There’s a a bit of a cliché in the music business that you only get one shot at getting it right. Make it a great one and you can be set for life; if it’s a scuffed one or a miss-kick, you can spend a long time rueing what might have been. The debut album from Talanas is a great case in point. Having garnered a lot of critical praise and fans from the exceptional EP, “Reason and Abstract”, the band now have upped the ante considerably,with their the first full length release, “The Waspkeeper”.
Let’s get the judgement out of the way immediately: “The Waspkeeper” is absolutely stunning. There. I’ve said it. Honest, it is. From the ferocious prog metal opener of ‘ananta (the portrait)’ to the Depeche Mode-drenched forlorn drama that is ‘the unhealing II’, these are eleven ridiculously accomplished tracks that will have you cheering from the rafters that extreme British music is in very rude health indeed.
The album title is an evocative one; redolent of English gardener types going about their business. But in Talanas‘s case these aren’t the gardens of genteel cream teas or long summer afternoons- they are gardens of menace and horror, littered with the creeping ivy of ancient mausoleums and sepulchres. This is an album rich in drama and imagery, relentless in its ferocity but crafted and executed in such an exemplary manner I would, if I had one to hand, be doffing my cap.
Influences abound but what influences they are and what Talanas have done with them in using them to create “The Waspkeeper” is pretty special. Yes you can hear Opeth, My Dying Bride, Ackercoke; you can, more surprisingly, hear Fields of the Nephilim, Depeche Mode and, my goodness, Japan. Do you know what? I could care less, especially when you consider how good the songs they have crafted here are.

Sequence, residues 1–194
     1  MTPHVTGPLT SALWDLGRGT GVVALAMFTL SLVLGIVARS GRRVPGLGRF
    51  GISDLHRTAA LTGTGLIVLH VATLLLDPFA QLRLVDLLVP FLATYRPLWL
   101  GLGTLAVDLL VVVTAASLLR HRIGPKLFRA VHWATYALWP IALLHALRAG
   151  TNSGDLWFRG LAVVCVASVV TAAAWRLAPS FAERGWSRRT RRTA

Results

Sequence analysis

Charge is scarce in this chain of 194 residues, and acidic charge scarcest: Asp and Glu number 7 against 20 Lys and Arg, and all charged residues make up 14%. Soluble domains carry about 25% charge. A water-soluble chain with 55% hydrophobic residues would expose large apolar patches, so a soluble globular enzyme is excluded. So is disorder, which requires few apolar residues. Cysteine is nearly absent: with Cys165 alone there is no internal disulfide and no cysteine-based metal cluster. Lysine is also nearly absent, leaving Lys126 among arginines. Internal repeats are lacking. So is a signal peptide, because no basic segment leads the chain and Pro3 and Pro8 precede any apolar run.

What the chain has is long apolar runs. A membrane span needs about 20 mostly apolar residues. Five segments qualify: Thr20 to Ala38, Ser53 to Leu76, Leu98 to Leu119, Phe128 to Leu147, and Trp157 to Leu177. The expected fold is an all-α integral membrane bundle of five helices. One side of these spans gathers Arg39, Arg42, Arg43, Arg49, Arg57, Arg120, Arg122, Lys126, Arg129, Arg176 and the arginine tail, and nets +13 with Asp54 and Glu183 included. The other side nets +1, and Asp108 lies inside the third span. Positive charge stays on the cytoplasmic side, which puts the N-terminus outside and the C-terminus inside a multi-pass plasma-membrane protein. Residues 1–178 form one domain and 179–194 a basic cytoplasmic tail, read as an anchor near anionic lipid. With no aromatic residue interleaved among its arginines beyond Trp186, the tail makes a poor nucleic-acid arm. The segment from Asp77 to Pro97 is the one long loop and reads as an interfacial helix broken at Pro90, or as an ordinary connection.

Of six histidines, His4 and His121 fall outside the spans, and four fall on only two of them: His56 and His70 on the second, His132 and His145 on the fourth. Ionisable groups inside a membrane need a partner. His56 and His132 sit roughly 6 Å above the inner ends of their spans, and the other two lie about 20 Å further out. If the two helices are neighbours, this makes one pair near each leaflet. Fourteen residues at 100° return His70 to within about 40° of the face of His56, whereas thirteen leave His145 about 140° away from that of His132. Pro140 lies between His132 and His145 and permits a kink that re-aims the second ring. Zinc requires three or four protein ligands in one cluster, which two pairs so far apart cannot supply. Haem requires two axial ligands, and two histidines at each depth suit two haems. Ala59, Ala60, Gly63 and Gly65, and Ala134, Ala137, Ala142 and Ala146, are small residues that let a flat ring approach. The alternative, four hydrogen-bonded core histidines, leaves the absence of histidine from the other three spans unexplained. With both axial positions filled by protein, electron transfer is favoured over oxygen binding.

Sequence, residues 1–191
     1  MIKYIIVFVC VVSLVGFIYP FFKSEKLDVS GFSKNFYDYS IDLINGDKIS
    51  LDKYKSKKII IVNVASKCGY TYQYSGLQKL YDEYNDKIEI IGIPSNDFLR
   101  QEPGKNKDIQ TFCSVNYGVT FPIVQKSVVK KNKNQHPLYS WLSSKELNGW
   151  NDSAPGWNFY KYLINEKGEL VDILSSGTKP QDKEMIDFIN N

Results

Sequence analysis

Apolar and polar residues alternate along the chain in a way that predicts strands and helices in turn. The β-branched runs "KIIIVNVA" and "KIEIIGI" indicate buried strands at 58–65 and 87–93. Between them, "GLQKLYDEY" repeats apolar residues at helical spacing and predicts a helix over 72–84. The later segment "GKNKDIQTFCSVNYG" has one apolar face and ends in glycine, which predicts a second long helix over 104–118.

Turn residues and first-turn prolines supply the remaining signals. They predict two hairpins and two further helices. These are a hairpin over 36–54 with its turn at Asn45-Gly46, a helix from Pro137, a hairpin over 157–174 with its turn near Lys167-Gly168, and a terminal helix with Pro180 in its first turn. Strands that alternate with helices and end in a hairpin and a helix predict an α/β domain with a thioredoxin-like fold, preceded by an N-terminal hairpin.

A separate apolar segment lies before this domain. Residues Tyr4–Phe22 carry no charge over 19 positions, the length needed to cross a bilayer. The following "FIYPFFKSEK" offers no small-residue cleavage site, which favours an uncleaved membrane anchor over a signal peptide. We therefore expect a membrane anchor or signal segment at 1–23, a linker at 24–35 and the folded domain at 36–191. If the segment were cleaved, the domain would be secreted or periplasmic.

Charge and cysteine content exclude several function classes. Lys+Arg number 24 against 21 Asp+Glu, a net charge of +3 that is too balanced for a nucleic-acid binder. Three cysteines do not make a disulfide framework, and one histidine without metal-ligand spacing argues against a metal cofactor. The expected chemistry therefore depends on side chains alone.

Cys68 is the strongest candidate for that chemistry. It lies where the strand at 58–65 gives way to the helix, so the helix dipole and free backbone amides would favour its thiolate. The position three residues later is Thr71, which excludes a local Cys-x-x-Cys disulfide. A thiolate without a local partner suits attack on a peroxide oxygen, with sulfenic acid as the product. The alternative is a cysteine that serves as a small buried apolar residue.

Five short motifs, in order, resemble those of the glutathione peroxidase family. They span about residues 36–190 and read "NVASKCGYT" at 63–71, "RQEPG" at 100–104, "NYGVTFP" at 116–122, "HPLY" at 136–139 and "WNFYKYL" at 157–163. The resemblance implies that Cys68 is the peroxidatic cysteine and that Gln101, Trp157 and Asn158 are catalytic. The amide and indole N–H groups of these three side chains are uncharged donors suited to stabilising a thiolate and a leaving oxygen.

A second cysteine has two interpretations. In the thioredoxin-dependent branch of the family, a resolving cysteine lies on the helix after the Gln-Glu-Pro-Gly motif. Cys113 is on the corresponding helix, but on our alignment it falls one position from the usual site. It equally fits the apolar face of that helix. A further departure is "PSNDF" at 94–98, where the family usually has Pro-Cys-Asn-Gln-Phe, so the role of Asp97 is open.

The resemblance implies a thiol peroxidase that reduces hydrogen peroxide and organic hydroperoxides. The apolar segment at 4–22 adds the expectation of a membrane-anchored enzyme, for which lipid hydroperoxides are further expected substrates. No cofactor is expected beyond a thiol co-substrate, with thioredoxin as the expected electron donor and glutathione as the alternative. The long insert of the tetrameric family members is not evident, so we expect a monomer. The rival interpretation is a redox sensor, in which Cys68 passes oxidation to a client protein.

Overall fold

There are at least two tracks on here that could easily be singles- ‘antiphon’ has a prog structure with parallel undertones of black metal and goth drama; ‘the ecstasy of betrayal’, the most obvious track for a live encore (get the tour sorted chaps) will have you raising your horns and nodding your head at its brilliance.
There’s an intriguing series of guest appearances on the album, but all of them are fabulous additions rather than “look how cool we are” name checks. JD Quintus from The Meads of Asphodel adds a growl or twenty to the brutal prog track ‘a fortune worth its disguise’. From Great Height‘s Adam Ever pops up on the gothic drama fest of ‘messaline’ and, yes, that is Jason Mendonca of Ackercocke adding his notable presence on ‘penetralium’.
“The Waspkeeper” is an album that is so utterly accomplished it almost beggars belief. The production from Jaime Gomez Arellano (he of Ghost and Cathedral duties fame) is exceptional, bringing out the bands song writing craft, sense of drama and atmosphere but never losing one scintilla of their inherent ferocity.
If they say that you only get one shot, then “The Waspkeeper” is the aural equivalent of a Wayne Rooney bicycle kick. A blast.